| 11:01 pm on Mar 19, 2006 (gmt 0)|
any one of the server side languages would be useful too.
If you want to get a job in the corporate world I'd say Java or C# or VB with ASP or JSP technologies.
If you want to be a hobbyist or work for a small firm I'd say PhP.
| 11:08 pm on Mar 19, 2006 (gmt 0)|
I agree with the PHP recommendation. It's also useful to have a basic working knowledge of a graphics application, for topping/tailing and optimising (for size) images.
| 11:26 pm on Mar 19, 2006 (gmt 0)|
Thanks for the advice
I have come across php a few times, so I guess that would be the next target.
Yeh, I forgot to mention I've got photoshop, although I'm still a beginner.
| 4:53 am on Mar 20, 2006 (gmt 0)|
A good place to tune your skills and learn some new ones <snip>
|I've got photoshop, although I'm still a beginner |
[edited by: trillianjedi at 3:47 pm (utc) on Mar. 20, 2006]
[edit reason] No URL drops please - see TOS #13. Thanks :) [/edit]
| 2:35 pm on Mar 20, 2006 (gmt 0)|
Thanks, I'll check it out.
Regarding php, can anyone recommend some books aimed at someone learning from scratch?
Thanks in advance
| 10:41 am on Mar 21, 2006 (gmt 0)|
Not books - but there are some excellent tutorials right here
Check out the PHP forum library [webmasterworld.com].
We're all beginners with Photoshop, 8 years of daily use and I only know a fraction... :)
| 10:52 am on Mar 21, 2006 (gmt 0)|
Also, learn the basics of Apache servers, particularly how to use .htaccess
| 11:30 am on Mar 21, 2006 (gmt 0)|
Thanks for your help
| 11:48 am on Mar 21, 2006 (gmt 0)|
Perl also worth thinking about.
| 12:02 pm on Mar 21, 2006 (gmt 0)|
And if you have time to kill, learn Flash or any sotfware-to-make-funny-animated-things.
As said above, go for PHP with basic knowledge of MySQL and Apache.
| 4:47 pm on Mar 21, 2006 (gmt 0)|
You can also include Ajax it permits the development process more interactive applications featuring more responsive user interfaces.
| 10:17 pm on Mar 21, 2006 (gmt 0)|
Well, thats quite a list that has been submitted lol. I think I will start with php.
Ive found that photoshop is quite good for animation.
Thanks to everyone who has posted.
| 10:27 pm on Mar 21, 2006 (gmt 0)|
PHP's main website has great documentation about the language. I'd start with it before buying a book. It could keep you busy for years.
| 12:09 pm on Mar 22, 2006 (gmt 0)|
I'll be a contrarian again, sorry.
All those things you think you need to know are not necessary. I get by with HTML, CSS and Flash. There's no point stuffing your brain. What is important is to understand the process and being able to recruit others far more specialized than you to carry out the job. If you seek a technical Web design job, than ok go ahead and learn all this stuff.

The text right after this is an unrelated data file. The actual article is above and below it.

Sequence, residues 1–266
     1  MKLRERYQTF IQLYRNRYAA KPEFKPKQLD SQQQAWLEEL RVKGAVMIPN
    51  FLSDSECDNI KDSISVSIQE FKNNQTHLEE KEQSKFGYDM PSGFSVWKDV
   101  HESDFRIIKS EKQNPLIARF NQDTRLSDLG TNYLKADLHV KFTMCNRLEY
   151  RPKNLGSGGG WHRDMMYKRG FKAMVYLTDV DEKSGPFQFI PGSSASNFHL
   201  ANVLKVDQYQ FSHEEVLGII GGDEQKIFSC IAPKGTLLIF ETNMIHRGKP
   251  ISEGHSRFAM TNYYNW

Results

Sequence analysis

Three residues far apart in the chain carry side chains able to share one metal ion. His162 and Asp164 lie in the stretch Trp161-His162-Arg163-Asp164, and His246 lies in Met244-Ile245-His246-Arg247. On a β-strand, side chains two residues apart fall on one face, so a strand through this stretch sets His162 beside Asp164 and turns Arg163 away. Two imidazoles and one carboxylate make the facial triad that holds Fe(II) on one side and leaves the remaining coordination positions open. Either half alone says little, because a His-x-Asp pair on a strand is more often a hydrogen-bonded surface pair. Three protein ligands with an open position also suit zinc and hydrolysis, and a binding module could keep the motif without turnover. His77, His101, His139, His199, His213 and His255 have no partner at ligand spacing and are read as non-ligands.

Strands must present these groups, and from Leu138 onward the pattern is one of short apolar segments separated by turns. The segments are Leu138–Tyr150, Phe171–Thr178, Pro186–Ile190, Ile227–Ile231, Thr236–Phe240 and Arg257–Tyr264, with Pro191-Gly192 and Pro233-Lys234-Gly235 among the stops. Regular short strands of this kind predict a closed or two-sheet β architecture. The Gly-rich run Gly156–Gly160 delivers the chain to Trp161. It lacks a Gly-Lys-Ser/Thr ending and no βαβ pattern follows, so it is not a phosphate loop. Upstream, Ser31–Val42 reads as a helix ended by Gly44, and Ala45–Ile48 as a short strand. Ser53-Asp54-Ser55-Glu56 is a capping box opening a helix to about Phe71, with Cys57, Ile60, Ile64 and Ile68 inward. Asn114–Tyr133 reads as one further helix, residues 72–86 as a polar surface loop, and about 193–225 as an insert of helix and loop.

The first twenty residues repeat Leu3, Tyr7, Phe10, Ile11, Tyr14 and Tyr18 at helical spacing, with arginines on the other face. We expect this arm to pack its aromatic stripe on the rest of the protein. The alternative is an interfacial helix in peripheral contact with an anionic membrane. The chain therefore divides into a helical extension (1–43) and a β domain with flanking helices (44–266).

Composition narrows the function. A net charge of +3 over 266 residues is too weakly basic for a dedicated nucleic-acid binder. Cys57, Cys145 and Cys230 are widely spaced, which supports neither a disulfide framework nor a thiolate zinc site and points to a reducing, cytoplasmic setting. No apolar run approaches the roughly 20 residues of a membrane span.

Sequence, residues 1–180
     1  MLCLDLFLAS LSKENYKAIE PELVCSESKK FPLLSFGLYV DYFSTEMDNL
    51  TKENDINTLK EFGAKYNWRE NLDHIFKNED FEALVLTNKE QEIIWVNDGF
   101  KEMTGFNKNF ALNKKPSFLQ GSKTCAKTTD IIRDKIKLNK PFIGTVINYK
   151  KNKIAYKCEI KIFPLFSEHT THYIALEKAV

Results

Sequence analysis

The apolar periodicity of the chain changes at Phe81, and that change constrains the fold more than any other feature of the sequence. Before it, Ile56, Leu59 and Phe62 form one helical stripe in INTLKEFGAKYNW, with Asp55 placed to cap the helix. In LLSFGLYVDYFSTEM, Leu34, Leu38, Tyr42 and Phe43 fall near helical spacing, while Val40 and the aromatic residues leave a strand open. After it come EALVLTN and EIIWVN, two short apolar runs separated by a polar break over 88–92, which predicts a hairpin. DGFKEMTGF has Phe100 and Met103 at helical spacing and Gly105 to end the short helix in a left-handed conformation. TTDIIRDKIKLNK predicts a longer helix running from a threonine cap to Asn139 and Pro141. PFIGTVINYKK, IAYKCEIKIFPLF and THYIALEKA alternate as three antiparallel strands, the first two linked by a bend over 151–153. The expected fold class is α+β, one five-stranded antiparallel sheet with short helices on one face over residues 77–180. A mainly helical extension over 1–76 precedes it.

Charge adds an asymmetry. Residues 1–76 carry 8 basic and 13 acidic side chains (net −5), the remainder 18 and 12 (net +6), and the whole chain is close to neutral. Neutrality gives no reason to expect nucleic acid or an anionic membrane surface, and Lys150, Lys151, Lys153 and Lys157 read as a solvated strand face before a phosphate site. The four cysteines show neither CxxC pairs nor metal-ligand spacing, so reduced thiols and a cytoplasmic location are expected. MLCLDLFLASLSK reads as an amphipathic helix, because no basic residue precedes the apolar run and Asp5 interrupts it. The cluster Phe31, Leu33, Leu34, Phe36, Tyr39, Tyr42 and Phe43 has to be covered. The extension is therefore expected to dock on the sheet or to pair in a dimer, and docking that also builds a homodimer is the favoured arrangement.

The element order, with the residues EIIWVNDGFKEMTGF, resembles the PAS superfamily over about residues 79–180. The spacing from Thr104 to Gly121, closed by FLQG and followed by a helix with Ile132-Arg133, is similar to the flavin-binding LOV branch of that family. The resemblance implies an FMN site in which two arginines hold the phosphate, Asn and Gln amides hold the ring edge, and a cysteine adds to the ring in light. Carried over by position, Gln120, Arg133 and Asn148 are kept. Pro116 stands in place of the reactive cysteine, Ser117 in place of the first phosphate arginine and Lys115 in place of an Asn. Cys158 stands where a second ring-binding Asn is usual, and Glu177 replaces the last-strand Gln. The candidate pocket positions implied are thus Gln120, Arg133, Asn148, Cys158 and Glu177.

But I don't need to know the intricacies of PHP or Perl to know which to use for a given project. Many students coming out of school in Web design don't know all this stuff either. In fact many pros don't. They adapt to every project and only learn what they need to. The practical experience of knowing how to deliver a project is more important to me, than knowing specific languages. There's just too much to absorb, and life is too short.
| 12:30 pm on Mar 22, 2006 (gmt 0)|
To an extent I agree with Harry, you don't have to learn all of this stuff. But if you are looking for something else to learn next in order to improve your skills, you first need to decide which direction you are going to go in.
If you're visually inclined, then learn more Photoshop, Flash, and perhaps even try some 3D applications.
Otherwise choose between open-source and corporate programming, and learn some of the languages already mentioned. The important thing is not to try to do it all, but to specialise. Getting an in-depth knowledge of any of these things can take months or even years, so it's important not to spread yourself too thinly.
| 6:35 pm on Mar 22, 2006 (gmt 0)|
Thanks for the advice, some wise words were spoken.
I think you are right, specialization is the key. Decide the destination and learn the skills. Funnily enough, I was having this same conversation with my dad and you have repeated his words.
Although, it's also handy to have a basic understanding of these other languages
| 2:58 pm on Mar 30, 2006 (gmt 0)|
Regarding the languages that have been listed in this thread; php, java, sql, asp, ajax, can people post what these languages can do? I have no clue. Also, are there any drawbacks for each one i.e support, security etc
Any help much appreciated
Thanks in advance